The Polaroid portrait

These are some of the Polaroid portraits I took while I was away last month.

Nine times out of ten I get the shot on my first attempt, meaning I usually only expose one Polaroid, but sometimes that doesn’t work out and I take two or three (I did this with Bindu’s portrait below – I thought I wanted a more serious shot, but the one I liked best? The first one, of course :)

What I like most about taking a Polaroid portrait is how the combination of the camera + film + moment means I slow down and so does the person I’m photographing. I tell them to relax and close their eyes while I focus, then ask them to look at me/the camera, holding my breath as I wait for the right moment to press the shutter button. Sometimes I’ll say something silly to make them laugh; sometimes i don’t. Sometimes I ask them to think about someone they love. I can feel that they trust me, and that the camera is a part of me; by only taking a single shot there’s none of the awkward intrusion you get with a digi, when you’re firing off 10, 20, 30 frames like a machine gun.

There’s just one clunky vintage camera, and me and my held breath.

And nine times out of ten that is enough.

[from top: Bindu, Tammy, Meghan, Christine, Lisa, Bindu, Melissa, Liz]

So good they named it twice

I was so happy when this Polaroid developed. It was boiling hot and we were checking out Chinatown, sweatily and slowly; I saw this little girl with her mother and paused for a moment, knowing I had one shot left in my camera. I don’t often take photos of strangers, let alone random people in the street, but there was something i knew i had to catch, and as they walked towards me i quickly pressed the shutter button, with my breath held, trying to not look like i was doing what i was doing. When i see people wielding cameras in the street i generally avoid their lenses; i don’t think the camera steals your soul, but i’d still rather not appear in their holiday snaps. As a rule you should always ask people if you can take their photograph, and that day i understood why street snappers use the zoom lenses they do – all the better to get those candid shots. It’s unlikely that this woman will ever know she is here on my blog, but her Polaroid is my favourite from the 100+ I shot; I wish i’d stopped and thanked her.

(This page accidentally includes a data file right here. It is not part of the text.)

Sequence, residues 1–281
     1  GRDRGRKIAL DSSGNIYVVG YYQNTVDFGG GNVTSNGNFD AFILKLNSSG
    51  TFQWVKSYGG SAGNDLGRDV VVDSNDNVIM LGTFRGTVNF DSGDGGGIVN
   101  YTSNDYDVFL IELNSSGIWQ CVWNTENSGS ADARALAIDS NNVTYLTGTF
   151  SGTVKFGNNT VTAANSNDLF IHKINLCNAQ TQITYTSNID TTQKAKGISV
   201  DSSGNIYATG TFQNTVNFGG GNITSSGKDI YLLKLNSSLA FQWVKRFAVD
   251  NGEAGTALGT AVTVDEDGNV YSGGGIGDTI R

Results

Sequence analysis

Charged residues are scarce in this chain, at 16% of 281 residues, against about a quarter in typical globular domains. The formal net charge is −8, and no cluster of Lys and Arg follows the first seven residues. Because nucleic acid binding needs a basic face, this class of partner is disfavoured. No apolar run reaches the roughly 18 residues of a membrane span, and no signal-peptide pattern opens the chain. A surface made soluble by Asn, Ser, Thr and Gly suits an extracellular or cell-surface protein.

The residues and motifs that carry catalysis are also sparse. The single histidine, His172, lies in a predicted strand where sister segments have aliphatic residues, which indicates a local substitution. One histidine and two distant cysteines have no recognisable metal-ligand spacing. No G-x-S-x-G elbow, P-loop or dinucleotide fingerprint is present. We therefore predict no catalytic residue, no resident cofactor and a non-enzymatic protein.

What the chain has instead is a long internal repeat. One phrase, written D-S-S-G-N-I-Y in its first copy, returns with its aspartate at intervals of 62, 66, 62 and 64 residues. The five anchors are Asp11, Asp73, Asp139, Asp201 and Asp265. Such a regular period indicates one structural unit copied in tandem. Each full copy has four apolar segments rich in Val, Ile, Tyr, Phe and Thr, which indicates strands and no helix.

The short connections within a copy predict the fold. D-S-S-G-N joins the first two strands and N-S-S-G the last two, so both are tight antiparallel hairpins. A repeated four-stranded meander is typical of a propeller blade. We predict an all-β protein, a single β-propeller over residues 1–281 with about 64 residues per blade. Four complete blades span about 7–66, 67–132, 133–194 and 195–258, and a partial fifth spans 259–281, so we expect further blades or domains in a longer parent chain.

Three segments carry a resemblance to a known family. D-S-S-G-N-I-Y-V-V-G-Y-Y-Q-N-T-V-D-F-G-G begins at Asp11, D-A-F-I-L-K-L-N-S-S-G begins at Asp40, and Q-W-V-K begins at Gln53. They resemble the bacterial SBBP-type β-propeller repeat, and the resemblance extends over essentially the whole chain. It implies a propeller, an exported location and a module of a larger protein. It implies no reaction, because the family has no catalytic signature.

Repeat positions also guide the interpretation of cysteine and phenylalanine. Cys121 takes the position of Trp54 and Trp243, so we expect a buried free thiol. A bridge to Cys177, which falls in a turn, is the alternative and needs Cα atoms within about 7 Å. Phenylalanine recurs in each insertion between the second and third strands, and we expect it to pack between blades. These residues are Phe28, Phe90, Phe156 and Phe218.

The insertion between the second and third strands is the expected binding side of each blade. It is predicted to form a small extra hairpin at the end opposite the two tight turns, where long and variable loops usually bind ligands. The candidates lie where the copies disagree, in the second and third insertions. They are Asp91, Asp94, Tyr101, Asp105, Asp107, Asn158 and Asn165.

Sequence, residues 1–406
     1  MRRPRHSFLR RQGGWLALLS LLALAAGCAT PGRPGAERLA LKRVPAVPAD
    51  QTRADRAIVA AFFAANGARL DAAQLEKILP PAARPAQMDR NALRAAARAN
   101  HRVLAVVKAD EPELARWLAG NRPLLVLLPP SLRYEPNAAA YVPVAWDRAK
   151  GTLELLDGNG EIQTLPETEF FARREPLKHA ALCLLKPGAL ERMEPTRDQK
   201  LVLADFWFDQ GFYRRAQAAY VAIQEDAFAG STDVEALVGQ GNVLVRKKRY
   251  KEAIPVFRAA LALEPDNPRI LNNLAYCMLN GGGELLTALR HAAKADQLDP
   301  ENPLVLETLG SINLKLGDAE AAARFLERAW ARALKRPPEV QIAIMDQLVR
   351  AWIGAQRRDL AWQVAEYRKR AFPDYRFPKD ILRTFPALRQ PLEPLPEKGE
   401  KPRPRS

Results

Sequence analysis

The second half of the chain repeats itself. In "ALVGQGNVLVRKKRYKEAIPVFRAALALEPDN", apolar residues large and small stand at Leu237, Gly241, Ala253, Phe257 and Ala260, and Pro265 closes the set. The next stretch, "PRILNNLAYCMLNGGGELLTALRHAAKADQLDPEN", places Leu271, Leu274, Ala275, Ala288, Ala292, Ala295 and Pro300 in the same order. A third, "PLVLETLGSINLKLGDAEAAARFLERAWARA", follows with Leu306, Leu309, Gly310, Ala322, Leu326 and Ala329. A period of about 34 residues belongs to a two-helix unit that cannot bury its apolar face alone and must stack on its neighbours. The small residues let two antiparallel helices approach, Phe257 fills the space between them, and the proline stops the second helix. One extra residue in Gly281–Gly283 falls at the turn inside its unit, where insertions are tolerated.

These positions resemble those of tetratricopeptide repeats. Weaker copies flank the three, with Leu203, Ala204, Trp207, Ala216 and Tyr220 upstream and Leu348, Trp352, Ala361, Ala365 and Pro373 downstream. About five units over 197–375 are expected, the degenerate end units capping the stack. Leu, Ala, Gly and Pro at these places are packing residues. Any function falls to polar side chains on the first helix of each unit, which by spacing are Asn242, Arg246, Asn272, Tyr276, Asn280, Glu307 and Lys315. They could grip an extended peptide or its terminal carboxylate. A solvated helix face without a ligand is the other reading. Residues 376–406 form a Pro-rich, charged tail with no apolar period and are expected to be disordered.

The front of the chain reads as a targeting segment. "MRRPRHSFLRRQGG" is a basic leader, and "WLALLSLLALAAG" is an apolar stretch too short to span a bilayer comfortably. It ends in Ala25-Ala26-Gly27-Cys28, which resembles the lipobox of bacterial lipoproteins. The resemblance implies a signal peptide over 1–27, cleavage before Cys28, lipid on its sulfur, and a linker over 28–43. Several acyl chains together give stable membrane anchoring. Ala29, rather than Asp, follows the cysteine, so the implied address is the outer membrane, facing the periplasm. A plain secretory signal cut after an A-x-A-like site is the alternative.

Later, we were in the West Village, buying cupcakes and geeking out over Carrie’s house*. Looking like a more chi-chi version of Notting Hill, the West Village seduced me in seconds; I almost embarrassed myself stalking these two women along Bleeker Street, and while i’d have never had the balls to ask to take their picture, this shot perfectly encapsulates that afternoon for me.

My week in New York City can be summed up in eight words: absolutely amazing and i want to live there. I know i come back from every new city wanting to live there, but this time it was different**. I can see why London and New York are so connected; it’s as if they’ve scooped out the juicy flesh of London, plonked it on an island and sprinkled it with razzmatazz. I LOVED it. The first two days i walked around on my own and was in my element – cameras, coffees, a bit of shopping, people watching, chats with strangers, cab hailing (i got it down to a fine art) and plenty of oohs and ahhs as I wandered happily, Polaroid in hand.

This is a love affair that’s only just started. New York, my new love, I’ll be back next year…

* tragic, i know. we tried to play it cool
** I probably say that too.

Day six

Current bedtime reading. For the August break.

Side note: I bought this book while in Montreal last September and I love it to bits – it really makes me want to hang out with Miranda July and be her pal. I also love the physicality of the book – paperback books in North America have much thinner and more supple covers than books here in the UK; I love the feel of them and how they mould to my hand. This is why i could never swap my books for a Kindle. Ever. I mean, how would I scribble in the margins?

Day five

Blue things on my side table. For the August break.

As of 9:50am on day five of the August break there are 405 members and 1,171 images in the Flickr pool – it’s such a treat to be able to dip into so many worlds while I’m confined to my sofa writing my book (and by ‘writing’ i mean think-about-and-agonise. Maud had been locked in a cupboard but i can still hear her taunts. Buying ear plugs this afternoon.)